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Japanese New Year (お正月)

The Japanese celebrate New Year's Day on January 1 each year on the Gregorian Calendar. Before 1873, the date of the Japanese New Year (正月, shogatsu) was based on the Chinese lunar calendar, just as the contemporary Chinese, Korean and Vietnamese New Years are celebrated to this day. However, in 1873, five years after the Meiji Restoration, Japan adopted the Gregorian calendar, so the first day of January is the official New Year's Day in modern Japan. It is considered by most Japanese to be one of the most important annual festivals and has been celebrated for centuries with its own unique customs.
File:Kadomatsu M1181.jpg
(The kadomatsu is a traditional decoration for the new year holiday.)

Osechi-Ryori (御節料理 or お節料理)

Japanese people eat a special selection of dishes during the New Year celebration called osechi-ryōri (御節料理 or お節料理), typically shortened to osechi. This consists of boiled seaweed (昆布, kombu), fish cakes (蒲鉾, kamaboko), mashed sweet potato with chestnut (栗きんとん, kurikinton), simmered burdock root (金平牛蒡, kinpira gobo), and sweetened black soybeans (黒豆, kuromame). Many of these dishes are sweet, sour, or dried, so they can keep without refrigeration—the culinary traditions date to a time before households had refrigerators, when most stores closed for the holidays. There are many variations of osechi, and some foods eaten in one region are not eaten in other places (or are even banned) on New Year's Day.
(Osechi-Ryori (御節料理) / Image)

Another popular dish is ozōni (お雑煮), a soup with omochi (お餅) and other ingredients that differ based on various regions of Japan. Today, sashimi and sushi are often eaten, as well as non-Japanese foods. To let the overworked stomach rest, seven-herb rice soup (七草粥, nanakusa-gayu) is prepared on the seventh day of January, a day known as jinjitsu (人日).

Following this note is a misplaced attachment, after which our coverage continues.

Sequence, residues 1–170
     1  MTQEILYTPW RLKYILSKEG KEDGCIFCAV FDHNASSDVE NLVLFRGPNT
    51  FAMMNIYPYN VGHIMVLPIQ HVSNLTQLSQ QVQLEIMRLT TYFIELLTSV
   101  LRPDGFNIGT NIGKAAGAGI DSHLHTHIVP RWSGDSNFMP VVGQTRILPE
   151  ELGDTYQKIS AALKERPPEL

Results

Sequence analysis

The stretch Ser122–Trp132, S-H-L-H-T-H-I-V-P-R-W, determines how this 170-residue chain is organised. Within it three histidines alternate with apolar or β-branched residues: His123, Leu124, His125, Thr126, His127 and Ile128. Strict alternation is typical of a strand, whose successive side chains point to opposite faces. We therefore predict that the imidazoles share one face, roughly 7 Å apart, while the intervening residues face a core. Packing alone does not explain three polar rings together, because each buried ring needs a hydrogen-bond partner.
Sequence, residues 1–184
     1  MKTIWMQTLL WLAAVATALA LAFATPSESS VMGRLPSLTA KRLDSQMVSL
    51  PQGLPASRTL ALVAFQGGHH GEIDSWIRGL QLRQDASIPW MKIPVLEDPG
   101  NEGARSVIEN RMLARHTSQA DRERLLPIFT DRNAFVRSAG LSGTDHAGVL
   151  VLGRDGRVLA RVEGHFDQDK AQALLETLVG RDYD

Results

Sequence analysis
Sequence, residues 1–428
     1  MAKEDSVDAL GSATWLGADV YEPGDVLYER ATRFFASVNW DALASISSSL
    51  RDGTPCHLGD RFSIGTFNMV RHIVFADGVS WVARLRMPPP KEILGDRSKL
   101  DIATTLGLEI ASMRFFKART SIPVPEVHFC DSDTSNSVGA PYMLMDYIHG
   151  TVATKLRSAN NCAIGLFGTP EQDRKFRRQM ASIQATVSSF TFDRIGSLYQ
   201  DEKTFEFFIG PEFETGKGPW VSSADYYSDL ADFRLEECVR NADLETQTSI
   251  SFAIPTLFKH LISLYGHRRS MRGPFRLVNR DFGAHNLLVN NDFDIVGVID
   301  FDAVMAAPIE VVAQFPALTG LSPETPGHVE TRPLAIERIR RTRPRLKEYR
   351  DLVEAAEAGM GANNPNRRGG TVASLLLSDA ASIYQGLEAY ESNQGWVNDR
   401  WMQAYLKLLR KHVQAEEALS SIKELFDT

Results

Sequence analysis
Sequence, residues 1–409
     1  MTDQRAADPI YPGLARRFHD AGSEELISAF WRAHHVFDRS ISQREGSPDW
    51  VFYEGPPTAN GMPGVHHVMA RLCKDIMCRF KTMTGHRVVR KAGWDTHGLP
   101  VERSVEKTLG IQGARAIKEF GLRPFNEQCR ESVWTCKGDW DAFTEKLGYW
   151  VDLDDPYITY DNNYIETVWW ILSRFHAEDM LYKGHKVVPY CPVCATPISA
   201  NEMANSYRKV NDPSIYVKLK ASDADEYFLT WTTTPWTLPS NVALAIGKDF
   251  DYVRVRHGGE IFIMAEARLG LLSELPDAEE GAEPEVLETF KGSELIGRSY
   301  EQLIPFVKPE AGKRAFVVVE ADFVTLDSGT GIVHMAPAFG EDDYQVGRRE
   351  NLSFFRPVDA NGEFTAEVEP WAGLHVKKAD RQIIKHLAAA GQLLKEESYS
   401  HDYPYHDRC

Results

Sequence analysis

Otoshidama (お年玉)

On New Year's Day, Japanese people have a custom of giving money to children. This is known as otoshidama (お年玉, otoshidama). It is handed out in small decorated envelopes called 'pochibukuro,' similar to Goshugi bukuro or Chinese red envelopes and to the Scottish handsel. In the Edo period large stores and wealthy families gave out a small bag of mochi and a Mandarin orange to spread happiness all around. The amount of money given depends on the age of the child but is usually the same if there is more than one child so that no one feels slighted.


The end of December and the beginning of January are the busiest times for the Japanese post offices. The Japanese have a custom of sending New Year's Day postcards (年賀状, nengajō) to their friends and relatives, similar to the Western custom of sending Christmas cards. Their original purpose was to give your faraway friends and relatives tidings of yourself and your immediate family. In other words, this custom existed for people to tell others whom they did not often meet that they were alive and well.

Japanese people send these postcards so that they arrive on the 1st of January. The post office guarantees to deliver the greeting postcards by the first of January if they are posted within a time limit, from mid-December to near the end of the month and are marked with the word nengajo. To deliver these cards on time, the post office usually hires students part-time to help deliver the letters.

It is customary not to send these postcards when one has had a death in the family during the year. In this case, a family member sends a simple postcard called 喪中葉書 (mochyuu hagaki もちゅうはがき, eng: mourning postcards) to inform friends and relatives they should not send New Year's cards, out of respect for the deceased.

By TS on Jan 1, 2011
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Author:T. SATOH